Feb. 2 (Bloomberg) -- Creditors of Residential Capital LLC objected to a proposed settlement the bankrupt home lender made with investors in its mortgage-backed securities that would give the investors an $8.7 billion claim in the Chapter 11 case.
The official committee of ResCap’s unsecured creditors said in a filing yesterday in U.S. Bankruptcy Court in Manhattan that it was “dismayed” to have found that the negotiations that led to the settlement were dominated and controlled by ResCap’s parent company, Ally Financial Inc. The committee said Ally was concerned with limiting its own liability.
“It appears that the debtors, or, in fact, Ally, negotiated the deal with one overriding objective in mind: obtaining the institutional investors’ support for a release of all estate and third-party claims against Ally based on a capped settlement payment of $750 million,” the creditors committee said in its request for the judge to reject the settlement.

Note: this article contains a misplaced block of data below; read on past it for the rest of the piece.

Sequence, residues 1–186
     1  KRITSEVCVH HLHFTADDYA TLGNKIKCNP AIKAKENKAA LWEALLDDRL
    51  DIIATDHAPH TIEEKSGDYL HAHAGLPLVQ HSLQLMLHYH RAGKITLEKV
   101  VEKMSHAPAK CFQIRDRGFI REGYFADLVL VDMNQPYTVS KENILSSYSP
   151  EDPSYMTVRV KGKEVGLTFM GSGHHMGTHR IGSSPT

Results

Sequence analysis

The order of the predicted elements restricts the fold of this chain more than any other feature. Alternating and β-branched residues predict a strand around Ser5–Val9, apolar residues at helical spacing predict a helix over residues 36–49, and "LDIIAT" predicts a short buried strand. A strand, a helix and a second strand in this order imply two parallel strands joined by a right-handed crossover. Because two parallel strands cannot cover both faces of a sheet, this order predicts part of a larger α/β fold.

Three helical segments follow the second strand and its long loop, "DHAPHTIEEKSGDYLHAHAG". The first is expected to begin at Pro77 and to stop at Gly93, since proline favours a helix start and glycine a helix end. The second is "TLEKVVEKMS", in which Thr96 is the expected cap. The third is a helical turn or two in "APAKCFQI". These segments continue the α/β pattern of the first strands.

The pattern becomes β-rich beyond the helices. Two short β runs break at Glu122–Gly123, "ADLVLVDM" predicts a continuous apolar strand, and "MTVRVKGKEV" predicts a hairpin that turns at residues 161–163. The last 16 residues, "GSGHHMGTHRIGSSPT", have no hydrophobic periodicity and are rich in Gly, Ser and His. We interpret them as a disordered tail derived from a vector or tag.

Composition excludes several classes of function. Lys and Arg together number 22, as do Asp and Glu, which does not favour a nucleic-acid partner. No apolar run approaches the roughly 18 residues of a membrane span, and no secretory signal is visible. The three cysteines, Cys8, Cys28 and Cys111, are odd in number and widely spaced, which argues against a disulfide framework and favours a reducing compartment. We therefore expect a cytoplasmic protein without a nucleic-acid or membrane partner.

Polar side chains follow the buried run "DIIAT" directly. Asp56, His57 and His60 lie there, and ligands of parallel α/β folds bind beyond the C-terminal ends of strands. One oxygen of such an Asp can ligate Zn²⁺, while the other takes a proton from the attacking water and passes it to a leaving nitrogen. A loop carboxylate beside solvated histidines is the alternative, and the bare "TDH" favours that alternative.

In exchange for the investors’ support for the $750 million settlement of Ally’s exposure, ResCap agreed to give the investors a bankruptcy claim that is $4 billion more than what the company publicly has stated was its potential liability from claims by the trusts overseeing its residential mortgage-backed securities, according to the creditors committee.
In the proposed settlement ResCap asked the court to approve last year, hundreds of securitization trusts would drop legal claims related to 1.6 million mortgages originally worth $221 billion. In return, the investors would share an $8.7 billion bankruptcy claim.
The so-called RMBS Trust Settlement would “swamp” ResCap’s unsecured creditors, according to the committee’s objection. If a non-conflicted party had negotiated with the investors, the allowed claim would have been substantially lower and in line with ResCap’s earlier estimate of its potential liability, according to the committee.
The case is In re Residential Capital LLC, 12-12020, U.S. Bankruptcy Court, Southern District of New York (Manhattan).
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